The super cycle in global memory chips, where price strengthening is coupled with demand overwhelming supply, is expected to last until 2023 to feed record earning streak for the world’s two top memory makers Samsung Electronics and SK hynix over the next two years.
Global industry tracker IC Insights forecast in its latest report that global memory chip sales will jump 23 percent on year to $155.2 billion this year, 16 percent to $180.4 billion in 2022 and another 22 percent to $219.6 billion in 2023.
The highest-ever global memory sales were $163.3 billion in 2018 during the so-called super memory cycle, when chip makers benefited from price hikes on rising demand. The global sales figure nosedived 32 percent in 2019 to $110.4 billion as the market entered the down cycle.
But a surge in IT devices, expansion of cloud data centers and faster-than-expected economic recovery from the Covid-19 crisis due to vaccine rollouts across the world have rapidly stirred demand for both DRAM and NAND, resulting in chip supply shortages worldwide.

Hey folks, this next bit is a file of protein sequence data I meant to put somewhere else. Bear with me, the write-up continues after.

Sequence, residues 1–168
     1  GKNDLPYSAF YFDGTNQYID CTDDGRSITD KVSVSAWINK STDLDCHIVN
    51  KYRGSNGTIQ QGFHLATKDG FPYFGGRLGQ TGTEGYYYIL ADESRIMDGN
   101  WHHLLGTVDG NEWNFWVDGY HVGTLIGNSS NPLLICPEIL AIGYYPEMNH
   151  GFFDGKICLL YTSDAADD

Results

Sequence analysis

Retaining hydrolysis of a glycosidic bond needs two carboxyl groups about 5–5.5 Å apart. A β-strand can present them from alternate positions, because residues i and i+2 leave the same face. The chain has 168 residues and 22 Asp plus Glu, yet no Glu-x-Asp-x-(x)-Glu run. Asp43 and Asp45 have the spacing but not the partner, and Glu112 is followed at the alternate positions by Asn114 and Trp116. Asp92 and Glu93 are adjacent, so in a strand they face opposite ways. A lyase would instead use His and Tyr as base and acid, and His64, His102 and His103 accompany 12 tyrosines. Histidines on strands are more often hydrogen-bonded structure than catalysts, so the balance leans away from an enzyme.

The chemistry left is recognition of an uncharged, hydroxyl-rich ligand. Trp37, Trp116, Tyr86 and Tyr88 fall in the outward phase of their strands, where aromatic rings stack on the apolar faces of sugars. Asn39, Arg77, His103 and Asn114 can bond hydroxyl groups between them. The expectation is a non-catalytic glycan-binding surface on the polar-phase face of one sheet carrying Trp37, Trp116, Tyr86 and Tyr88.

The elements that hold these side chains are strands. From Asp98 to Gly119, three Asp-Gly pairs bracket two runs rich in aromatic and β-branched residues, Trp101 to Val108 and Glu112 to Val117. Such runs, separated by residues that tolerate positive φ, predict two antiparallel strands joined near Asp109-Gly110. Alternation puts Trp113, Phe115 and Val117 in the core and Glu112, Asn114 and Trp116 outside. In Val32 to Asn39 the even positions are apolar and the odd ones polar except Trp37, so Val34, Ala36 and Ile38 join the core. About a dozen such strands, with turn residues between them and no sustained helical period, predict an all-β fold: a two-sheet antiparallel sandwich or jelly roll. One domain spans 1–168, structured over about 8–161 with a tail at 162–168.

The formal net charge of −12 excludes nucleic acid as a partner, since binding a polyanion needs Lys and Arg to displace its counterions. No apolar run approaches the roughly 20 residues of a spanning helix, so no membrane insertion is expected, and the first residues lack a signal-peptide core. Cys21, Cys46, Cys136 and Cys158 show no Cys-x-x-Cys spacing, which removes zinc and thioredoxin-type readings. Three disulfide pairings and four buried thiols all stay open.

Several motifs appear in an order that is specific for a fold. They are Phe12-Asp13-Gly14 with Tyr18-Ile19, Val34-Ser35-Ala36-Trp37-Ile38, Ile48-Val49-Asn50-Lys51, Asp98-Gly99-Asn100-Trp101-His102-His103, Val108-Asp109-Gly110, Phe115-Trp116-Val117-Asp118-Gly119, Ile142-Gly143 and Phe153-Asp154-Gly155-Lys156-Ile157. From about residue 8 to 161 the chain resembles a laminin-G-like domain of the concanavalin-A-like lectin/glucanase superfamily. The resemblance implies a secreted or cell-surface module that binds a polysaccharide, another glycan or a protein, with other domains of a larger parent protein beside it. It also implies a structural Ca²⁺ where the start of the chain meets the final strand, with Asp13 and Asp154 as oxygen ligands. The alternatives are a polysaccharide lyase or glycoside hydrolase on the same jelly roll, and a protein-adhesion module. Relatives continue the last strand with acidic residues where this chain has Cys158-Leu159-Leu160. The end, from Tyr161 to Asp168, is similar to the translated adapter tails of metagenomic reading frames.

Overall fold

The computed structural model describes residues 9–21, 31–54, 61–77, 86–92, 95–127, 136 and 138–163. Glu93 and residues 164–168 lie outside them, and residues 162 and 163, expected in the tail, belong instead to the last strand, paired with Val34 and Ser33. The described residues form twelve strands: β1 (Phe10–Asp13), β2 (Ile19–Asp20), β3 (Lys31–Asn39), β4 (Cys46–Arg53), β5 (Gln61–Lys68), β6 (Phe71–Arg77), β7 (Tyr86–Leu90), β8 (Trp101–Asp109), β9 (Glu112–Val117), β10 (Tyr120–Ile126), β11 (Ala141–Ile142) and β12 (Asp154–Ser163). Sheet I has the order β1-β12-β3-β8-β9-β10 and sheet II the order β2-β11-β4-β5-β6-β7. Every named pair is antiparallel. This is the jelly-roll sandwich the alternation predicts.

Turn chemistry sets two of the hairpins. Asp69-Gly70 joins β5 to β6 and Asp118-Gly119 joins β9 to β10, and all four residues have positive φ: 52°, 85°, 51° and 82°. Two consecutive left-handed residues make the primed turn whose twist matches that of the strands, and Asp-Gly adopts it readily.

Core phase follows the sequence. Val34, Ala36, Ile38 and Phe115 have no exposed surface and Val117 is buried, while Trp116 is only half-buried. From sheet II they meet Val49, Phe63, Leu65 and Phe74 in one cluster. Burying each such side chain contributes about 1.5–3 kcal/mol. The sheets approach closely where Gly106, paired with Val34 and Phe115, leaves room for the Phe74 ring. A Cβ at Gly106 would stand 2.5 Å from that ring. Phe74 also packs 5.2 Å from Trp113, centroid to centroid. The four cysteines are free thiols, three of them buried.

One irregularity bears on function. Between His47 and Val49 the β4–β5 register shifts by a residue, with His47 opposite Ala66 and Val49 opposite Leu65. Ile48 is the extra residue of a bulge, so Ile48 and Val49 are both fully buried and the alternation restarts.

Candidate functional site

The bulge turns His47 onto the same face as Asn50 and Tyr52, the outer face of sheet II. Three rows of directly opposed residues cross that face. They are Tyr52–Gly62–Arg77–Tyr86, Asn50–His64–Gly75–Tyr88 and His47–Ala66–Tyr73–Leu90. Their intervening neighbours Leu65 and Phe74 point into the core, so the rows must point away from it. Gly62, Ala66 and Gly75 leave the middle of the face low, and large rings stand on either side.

This year, DRAM is projected to account for 56 percent of global memory chip sales, and NAND flash 41 percent, according to IC Insights.
The recent upturn in chip demand raises expectations for strong earnings of Korean chip giants Samsung Electronics and SK hynix this year.
Samsung is world’s largest DRAM chip maker with a 42 percent share and SK hynix is No. 2 with a 29 percent share.
Samsung is also No. 1 in the global NAND flash chip market, boasting a 32 percent share. SK, which held 9.9 percent share of the global NAND flash market in 2019, is poised to jump to No. 2 with a near 20 percent share soon as it is close to complete its acquisition of Intel`s NAND flash business.
On Friday, shares of Samsung Electronics are trading up 1.13 percent at 80,400 won ($71.30) and those of SK hynix down 0.41 percent at 122,000, as of 11:24 a.m. in Seoul.
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